` Olive Oil Compound May Decrease Intestinal Damage in Cases of Ischemia - Olive Oil Times

Olive Oil Compound May Decrease Intestinal Damage in Cases of Ischemia

Feb. 10, 2013
Naomi Tupper

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According to new research pub­lished in the Journal of Leukocyte Biology, olive oil may have yet another bio­log­i­cal ben­e­fit in the treat­ment of dis­ease. This time it appears that there is a role for olive oil derived com­pounds in the pre­ven­tion of intesti­nal ischemia and reper­fu­sion asso­ci­ated organ dam­age.

The study, which was car­ried out in ani­mal mod­els, sug­gested that the olive oil com­po­nent oleu­ropein agly­cone, which is an impor­tant polyphe­nol, could sig­nif­i­cantly reduce dam­age caused by intesti­nal ischemia. This con­di­tion, which occurs in humans due to nar­row­ing or block­age of blood ves­sels that sup­ply the diges­tive sys­tem, results in restricted blood sup­ply to the organs. The con­di­tion can be incred­i­bly painful and in the long term cause prob­lems such as mal­nu­tri­tion, severe weight loss and per­ma­nent intesti­nal dam­age. Not only does the con­di­tion cause dam­age in its own right, but the result­ing reper­fu­sion injury, which takes place when blood sup­ply is returned to the organ, can also cause a vast amount of tis­sue dam­age.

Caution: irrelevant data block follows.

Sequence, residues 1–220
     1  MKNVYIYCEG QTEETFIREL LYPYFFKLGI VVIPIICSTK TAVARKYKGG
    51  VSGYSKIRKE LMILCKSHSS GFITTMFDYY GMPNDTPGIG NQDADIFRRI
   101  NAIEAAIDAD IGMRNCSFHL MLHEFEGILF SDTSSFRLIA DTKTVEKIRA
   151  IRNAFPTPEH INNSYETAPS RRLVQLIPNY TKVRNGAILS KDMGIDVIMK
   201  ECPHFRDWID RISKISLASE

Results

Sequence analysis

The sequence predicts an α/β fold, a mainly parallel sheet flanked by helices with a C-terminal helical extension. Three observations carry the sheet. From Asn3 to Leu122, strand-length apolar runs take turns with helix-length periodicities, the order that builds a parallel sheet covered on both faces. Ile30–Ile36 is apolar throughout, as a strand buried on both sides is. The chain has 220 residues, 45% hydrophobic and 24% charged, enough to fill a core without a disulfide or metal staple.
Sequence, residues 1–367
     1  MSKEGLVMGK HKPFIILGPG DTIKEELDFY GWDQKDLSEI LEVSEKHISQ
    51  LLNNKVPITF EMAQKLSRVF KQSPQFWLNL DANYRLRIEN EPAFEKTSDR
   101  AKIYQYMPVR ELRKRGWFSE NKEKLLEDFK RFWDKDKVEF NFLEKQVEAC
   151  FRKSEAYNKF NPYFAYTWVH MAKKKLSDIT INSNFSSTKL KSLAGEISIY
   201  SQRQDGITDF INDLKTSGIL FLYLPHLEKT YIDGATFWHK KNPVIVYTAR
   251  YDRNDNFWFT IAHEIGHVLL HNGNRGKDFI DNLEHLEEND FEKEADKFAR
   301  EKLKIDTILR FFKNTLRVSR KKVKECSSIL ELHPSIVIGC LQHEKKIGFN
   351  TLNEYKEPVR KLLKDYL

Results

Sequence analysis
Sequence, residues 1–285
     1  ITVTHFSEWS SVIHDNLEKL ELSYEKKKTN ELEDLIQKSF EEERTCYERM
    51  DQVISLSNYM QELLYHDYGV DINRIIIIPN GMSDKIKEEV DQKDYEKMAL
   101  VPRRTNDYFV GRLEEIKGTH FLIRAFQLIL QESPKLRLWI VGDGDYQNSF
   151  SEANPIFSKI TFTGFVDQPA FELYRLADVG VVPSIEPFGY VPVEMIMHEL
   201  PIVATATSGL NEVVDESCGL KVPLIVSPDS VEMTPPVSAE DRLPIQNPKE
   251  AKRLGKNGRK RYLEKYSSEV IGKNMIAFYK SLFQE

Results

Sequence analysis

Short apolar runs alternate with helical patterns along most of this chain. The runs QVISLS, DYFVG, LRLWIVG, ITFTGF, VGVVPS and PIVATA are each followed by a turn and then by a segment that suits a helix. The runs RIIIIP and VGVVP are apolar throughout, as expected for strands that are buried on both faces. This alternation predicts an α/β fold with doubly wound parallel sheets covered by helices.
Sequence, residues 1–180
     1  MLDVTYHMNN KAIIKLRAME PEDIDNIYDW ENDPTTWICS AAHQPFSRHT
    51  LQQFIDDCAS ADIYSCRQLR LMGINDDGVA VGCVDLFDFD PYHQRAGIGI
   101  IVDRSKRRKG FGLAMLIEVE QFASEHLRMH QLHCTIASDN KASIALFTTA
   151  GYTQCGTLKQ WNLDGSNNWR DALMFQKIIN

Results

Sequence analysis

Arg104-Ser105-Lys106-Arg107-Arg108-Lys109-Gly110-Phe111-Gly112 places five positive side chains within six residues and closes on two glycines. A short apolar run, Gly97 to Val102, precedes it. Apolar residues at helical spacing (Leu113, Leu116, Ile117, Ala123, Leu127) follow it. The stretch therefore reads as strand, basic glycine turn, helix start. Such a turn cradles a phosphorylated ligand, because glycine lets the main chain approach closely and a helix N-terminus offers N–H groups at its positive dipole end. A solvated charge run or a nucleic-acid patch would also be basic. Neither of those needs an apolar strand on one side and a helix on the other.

In lab­o­ra­tory con­di­tions, mice were used to test the effec­tive­ness of oleu­ropein agly­cone in treat­ing intesti­nal ischemia/reperfusion injury. Groups of mice were sub­jected to sur­gi­cally induced intesti­nal ischemia, with one group treated with the olive oil derived com­pound after induc­tion. It was found that mice treated with oleu­ropein agly­cone had lower lev­els of intesti­nal injury and inflam­ma­tion than those who did not receive the treat­ment but which were also sub­jected to pro­ce­dures to cause intesti­nal ischemia. The results sug­gest that the com­pound plays a part in pre­vent­ing sec­ondary organ injury caused by the con­di­tion.

While fur­ther research is needed into whether this treat­ment is suit­able for humans with intesti­nal ischemia, which may be caused by a vari­ety of con­di­tions such as fatty build ups in the blood ves­sels or blood clots, it shows promise for the sub­stance in the use of treat­ing inflam­ma­tion asso­ci­ated dis­ease. It is hoped that even­tu­ally this type of ther­apy could lead to ben­e­fits for patients with spinal cord injury and arthri­tis as well as intesti­nal ischemia and reper­fu­sion.

Extra vir­gin olive oil is well known for its high con­tent of phe­no­lic com­pounds that have potent anti-inflam­ma­tory, anti-micro­bial and antiox­i­dant effects. Previous human and ani­mal based stud­ies have shown promis­ing results for a num­ber of these com­pounds in the treat­ment of var­i­ous dis­eases and con­di­tions asso­ci­ated with inflam­ma­tion, in par­tic­u­lar the com­pound oleo­can­thal, which is thought to have sim­i­lar anti-inflam­ma­tory prop­er­ties to ibupro­fen.


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